Back in Time: Remembering Pearl Harbor

76 years ago on December 7th, Pearl Harbor came under attack. Photo Courtesy Wikimedia.

Peyton Powell

Staff Writer

It was the early morning hours of December 7 th , 1941, when the unthinkable happened in
Hawaii, causing more than 2,335 to lose their life. On this day, we remember Pearl Harbor, 76 years
after that fateful day, and we remember and honor those who lost their life.

At the time of the attack, the United States wasn’t formally involved in World War 2, but they
started to gain a rivalry with Japan over the many things that they have done to each other during the
years prior. Japan was to officially declare war on the United States, and tell them that the peace
agreements are no longer, before the attack on Pearl Harbor, but they attacked before anything could
be said.

December 7th , 1941, Japan was on the verge of declaring war on the United States, and men
aboard several battleships, ships, and submarines woke to the sound of bombs, torpedoes, and gunfire.
At 7:48 am, the Japanese sent their first wave of the attack, which consisted of 183 planes, whose
targets ranged from Battleships, to Ford Island. The incoming fleet of Japanese planes were detached on
radar, but since the post where the warning came in at was not fully operational, the commanders in
charge failed to reply fully of what they saw, since they thought it was incoming US aircraft from
California.

It would prove to be too late, since the Japanese surprised ships with torpedo hits before the
aircrafts even arrived, which left the ships that were already hit extremely vulnerable for further attacks
by air. A few of the bombs launched from the aircrafts either missed their target, exploded in air, or was
a dud, and also of the forty torpedoes launched, only seventeen made impact.

The second wave of attacks came minutes later, and some of the targets included Hickam field,
Kaneohe, and Barber’s Point. This wave however was different from the first because this one was split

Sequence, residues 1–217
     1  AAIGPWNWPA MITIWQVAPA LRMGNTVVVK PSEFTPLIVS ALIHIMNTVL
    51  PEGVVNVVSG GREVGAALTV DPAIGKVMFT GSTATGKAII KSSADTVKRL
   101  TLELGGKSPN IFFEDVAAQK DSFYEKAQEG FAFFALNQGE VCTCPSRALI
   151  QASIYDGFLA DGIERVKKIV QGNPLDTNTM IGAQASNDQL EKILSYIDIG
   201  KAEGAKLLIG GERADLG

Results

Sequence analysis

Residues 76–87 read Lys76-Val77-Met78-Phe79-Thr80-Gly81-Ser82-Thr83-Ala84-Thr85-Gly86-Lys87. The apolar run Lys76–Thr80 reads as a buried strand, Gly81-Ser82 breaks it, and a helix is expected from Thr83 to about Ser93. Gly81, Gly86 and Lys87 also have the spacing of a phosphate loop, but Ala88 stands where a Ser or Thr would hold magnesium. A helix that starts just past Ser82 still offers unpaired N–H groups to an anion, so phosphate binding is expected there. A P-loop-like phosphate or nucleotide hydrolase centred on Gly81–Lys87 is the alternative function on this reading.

into different sections, but each section arrived and attacked at the same time, from multiple different
directions.

The attack on Pearl Harbor lasted 90 minutes total, with the casualties standing at 2,403, and
the wounded at 1,178. Of those who perished on this day, 2,008 were sailors, 218 soldiers and airmen,
109 marines, and 68 civilians. In total, 18 ships were sunk, 5 of which were battleships, including the
Arizona which produced the most casualties of all after being hit with four armor-piercing bombs. Even
though most of the damage was sustain by ships, out of the 402 United States aircraft, 188 were
destroyed, and 159 were heavily damaged.

There was talk about a possible third wave from happening, but the Japanese decided against it
after seeing the United States Anti-Aircraft performance improve during the second wave, and since
Japan lost about 2/3 of there resources also during the second wave. If the third wave were to have
occurred, the later commander in chief of the Pacific Fleet, Admiral Chester W. Nimitz, said that “serious
operations in the Pacific would have been postponed for more than a year,” and tat “it would have
prolonged the war another two years.”

A day after the attacks on Pearl Harbor, President Franklin D. Roosevelt called for a formal
declaration of war on the Empire of China. Germany and Italy then declared war on the United States, as of December 11th .

In the years following the attacks, many movies were maid out of the historical event, and a
memorial built over top of the Arizona, glass floors to look down on to the sunken ship, to honor that
day in History.

So, tomorrow, on December 7th , exactly 76 years ago to this day we remember the people who lost
their lives, and the great acts of war that were brought upon the people of Pearl Harbor. “No matter
how long it may take us to overcome this premeditated invasion, the American people, in their
righteous might will win through to absolute victory.” -FDR